The other morning, I watched The Record , a programme on BBC Parliament which gives a daily run-through of key events in Westminster. Obviously, the interview with Bob Diamond by the Treasury Select Committee featured, and if we were to tag the keywords, leadership was certainly the big hitter.
Questioner after questioner asked Mr Diamond about how he viewed his responsibility for running a company that had behaved so dishonestly. He was asked if he was complicit or incompetent when he said he knew nothing about such mendacious practice. He was challenged about how bad it had to get before it floated to the top of his inbox and he saw the incriminating emails. ‘Did your staff not feel able to tell you about this?’ was the question from one incredulous MP.
He argued that once he knew of the mal-practice he dealt swiftly, i.e. he sacked the traders. He was asked what he could do now to reassure the public about the value of the Barclays brand. He was challenged quite a lot about his stand on culture and how he had not spotted that his culture was going bad. His rebuttals about it only being a small amount of staff etc. were rebuffed and so the questions went on for three hours.
He might have garnered some sympathy had he not continued to refer to the MPs by their first names. In a formal situation, with them calling him Mr Diamond, his persistent use of John, George, Andrea rankled and did him no favours. It certainly didn’t help his apparent credibility. Did he learn nothing from the Fred the Shred debacle? Leaders must be credible. Weasel words and beating of breasts will not cut the mustard. Mr Diamond failed to acknowledge his duty; a favourite word of mine and one that needs to come back into fashion. Indeed, I was so pleased to hear it used on the Radio 4 programme The Moral Maze that I stopped ironing and sent a tweet. (What a choice, ironing or tweeting!)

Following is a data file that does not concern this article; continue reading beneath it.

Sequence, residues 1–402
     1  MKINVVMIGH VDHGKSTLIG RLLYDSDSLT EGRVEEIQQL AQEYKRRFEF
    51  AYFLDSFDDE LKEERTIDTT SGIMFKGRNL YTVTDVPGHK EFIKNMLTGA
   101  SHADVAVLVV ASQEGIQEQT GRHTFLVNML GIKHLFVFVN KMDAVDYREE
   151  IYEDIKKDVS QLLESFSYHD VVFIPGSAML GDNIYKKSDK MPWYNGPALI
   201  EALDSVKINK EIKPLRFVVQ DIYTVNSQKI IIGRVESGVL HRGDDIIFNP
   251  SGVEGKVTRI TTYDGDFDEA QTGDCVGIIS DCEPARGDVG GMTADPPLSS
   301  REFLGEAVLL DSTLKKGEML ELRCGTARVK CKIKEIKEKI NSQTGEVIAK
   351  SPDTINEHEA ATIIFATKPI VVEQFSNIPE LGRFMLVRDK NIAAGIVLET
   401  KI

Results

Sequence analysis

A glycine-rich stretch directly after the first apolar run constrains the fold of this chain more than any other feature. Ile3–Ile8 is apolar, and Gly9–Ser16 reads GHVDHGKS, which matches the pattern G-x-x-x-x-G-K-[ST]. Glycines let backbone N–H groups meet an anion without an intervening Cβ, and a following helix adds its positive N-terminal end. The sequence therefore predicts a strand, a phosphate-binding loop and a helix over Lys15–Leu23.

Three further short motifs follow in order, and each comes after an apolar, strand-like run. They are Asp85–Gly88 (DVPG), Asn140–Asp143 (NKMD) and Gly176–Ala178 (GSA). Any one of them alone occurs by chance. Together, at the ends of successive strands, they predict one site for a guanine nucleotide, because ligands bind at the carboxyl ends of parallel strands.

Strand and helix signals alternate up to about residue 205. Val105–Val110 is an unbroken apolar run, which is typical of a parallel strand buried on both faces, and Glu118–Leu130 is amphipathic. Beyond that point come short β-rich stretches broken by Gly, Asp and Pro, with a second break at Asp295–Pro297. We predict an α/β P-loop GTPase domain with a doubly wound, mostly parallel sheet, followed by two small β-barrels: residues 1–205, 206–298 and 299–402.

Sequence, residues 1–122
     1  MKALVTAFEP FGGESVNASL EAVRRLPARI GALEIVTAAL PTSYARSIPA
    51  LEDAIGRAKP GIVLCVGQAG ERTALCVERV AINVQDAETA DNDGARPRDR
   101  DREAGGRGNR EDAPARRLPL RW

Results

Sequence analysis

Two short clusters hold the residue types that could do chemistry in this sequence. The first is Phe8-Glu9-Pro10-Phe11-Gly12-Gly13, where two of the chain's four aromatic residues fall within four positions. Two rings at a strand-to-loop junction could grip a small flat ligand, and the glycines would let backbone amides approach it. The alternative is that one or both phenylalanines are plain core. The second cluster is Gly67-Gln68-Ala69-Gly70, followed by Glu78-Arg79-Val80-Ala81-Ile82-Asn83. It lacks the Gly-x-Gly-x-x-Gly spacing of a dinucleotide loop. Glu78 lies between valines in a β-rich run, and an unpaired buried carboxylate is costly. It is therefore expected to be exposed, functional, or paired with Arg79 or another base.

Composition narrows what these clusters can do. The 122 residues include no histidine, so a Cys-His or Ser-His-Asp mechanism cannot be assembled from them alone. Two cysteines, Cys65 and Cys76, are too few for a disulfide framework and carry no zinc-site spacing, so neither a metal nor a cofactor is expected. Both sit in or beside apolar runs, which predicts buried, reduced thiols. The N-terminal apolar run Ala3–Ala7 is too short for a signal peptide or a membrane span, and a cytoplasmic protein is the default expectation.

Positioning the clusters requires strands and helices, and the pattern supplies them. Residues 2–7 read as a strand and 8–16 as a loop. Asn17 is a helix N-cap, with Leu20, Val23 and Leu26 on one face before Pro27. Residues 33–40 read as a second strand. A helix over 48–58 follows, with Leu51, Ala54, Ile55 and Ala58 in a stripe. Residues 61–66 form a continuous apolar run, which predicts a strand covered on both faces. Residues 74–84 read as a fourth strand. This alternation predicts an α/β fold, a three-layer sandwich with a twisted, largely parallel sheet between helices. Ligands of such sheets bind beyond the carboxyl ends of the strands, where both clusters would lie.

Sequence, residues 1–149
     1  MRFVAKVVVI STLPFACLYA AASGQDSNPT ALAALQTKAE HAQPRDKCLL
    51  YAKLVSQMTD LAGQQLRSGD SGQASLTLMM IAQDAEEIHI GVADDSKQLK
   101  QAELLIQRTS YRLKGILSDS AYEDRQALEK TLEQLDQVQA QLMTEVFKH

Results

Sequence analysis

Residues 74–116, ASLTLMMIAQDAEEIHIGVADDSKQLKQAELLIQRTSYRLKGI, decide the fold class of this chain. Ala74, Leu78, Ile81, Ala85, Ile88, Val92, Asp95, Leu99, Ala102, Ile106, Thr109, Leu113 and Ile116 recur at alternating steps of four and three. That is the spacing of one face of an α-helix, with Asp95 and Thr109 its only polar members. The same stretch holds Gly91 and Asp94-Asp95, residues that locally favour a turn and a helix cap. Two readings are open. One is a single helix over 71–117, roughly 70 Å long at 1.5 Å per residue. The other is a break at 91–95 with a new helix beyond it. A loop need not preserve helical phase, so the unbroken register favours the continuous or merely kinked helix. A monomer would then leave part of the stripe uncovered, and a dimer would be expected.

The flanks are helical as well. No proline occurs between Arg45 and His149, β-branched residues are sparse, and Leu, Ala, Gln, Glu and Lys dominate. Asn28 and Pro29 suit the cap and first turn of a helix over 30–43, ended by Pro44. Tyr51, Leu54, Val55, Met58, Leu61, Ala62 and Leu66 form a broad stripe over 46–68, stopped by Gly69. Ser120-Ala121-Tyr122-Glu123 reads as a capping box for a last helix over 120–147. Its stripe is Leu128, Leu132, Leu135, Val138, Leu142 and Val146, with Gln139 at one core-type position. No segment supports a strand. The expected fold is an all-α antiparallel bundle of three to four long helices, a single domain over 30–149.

Personally, I am very proud to be leading a growing organisation, albeit the size of a pin head compared to Barclays. I worry a lot about checks and balances, and how you know that what you say on the tin is still happening when you get further away from the front line. It must be much harder for a larger company, and I often wonder how places like Sainsbury’s manage. On paper, it’s about things such as leadership, systems, operating manuals, key people practices (hiring, induction, performance management and training), communication and engagement with all customers and staff. In reality, it’s about all of that – but mostly it’s about trust and culture. On that matter Mr Diamond is right.
So, what to do?? Give up and run for the hills? Mr Diamond can do this with the £95m he has paid himself, but it’s not such an option for the rest of us mortals. You could question and worry to such a degree that you might end up on the psychiatrist’s couch. It might be worth it, if only to join the Billy Crystal school of analysis and end up sharing the couch with Robert de Niro.